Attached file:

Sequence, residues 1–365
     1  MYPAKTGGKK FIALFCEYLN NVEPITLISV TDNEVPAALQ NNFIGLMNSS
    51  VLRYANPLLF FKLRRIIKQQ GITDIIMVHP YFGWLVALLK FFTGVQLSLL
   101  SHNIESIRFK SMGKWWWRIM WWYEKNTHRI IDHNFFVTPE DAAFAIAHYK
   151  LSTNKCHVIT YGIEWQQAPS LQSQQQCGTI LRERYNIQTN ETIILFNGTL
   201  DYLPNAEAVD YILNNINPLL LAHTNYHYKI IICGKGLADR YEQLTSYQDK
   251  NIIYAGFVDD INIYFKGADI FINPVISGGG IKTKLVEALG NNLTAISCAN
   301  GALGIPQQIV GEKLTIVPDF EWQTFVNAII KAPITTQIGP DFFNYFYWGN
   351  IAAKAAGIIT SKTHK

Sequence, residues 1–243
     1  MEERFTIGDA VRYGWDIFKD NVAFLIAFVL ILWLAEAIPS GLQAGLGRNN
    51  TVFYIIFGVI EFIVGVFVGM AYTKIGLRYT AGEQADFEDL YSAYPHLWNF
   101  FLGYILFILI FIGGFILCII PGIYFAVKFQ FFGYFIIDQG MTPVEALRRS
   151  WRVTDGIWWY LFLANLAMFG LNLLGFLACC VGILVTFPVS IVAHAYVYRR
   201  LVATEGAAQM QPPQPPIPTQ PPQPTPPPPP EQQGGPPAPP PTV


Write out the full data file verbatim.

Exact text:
Sequence, residues 1–365
     1  MYPAKTGGKK FIALFCEYLN NVEPITLISV TDNEVPAALQ NNFIGLMNSS
    51  VLRYANPLLF FKLRRIIKQQ GITDIIMVHP YFGWLVALLK FFTGVQLSLL
   101  SHNIESIRFK SMGKWWWRIM WWYEKNTHRI IDHNFFVTPE DAAFAIAHYK
   151  LSTNKCHVIT YGIEWQQAPS LQSQQQCGTI LRERYNIQTN ETIILFNGTL
   201  DYLPNAEAVD YILNNINPLL LAHTNYHYKI IICGKGLADR YEQLTSYQDK
   251  NIIYAGFVDD INIYFKGADI FINPVISGGG IKTKLVEALG NNLTAISCAN
   301  GALGIPQQIV GEKLTIVPDF EWQTFVNAII KAPITTQIGP DFFNYFYWGN
   351  IAAKAAGIIT SKTHK

Sequence, residues 1–243
     1  MEERFTIGDA VRYGWDIFKD NVAFLIAFVL ILWLAEAIPS GLQAGLGRNN
    51  TVFYIIFGVI EFIVGVFVGM AYTKIGLRYT AGEQADFEDL YSAYPHLWNF
   101  FLGYILFILI FIGGFILCII PGIYFAVKFQ FFGYFIIDQG MTPVEALRRS
   151  WRVTDGIWWY LFLANLAMFG LNLLGFLACC VGILVTFPVS IVAHAYVYRR
   201  LVATEGAAQM QPPQPPIPTQ PPQPTPPPPP EQQGGPPAPP PTV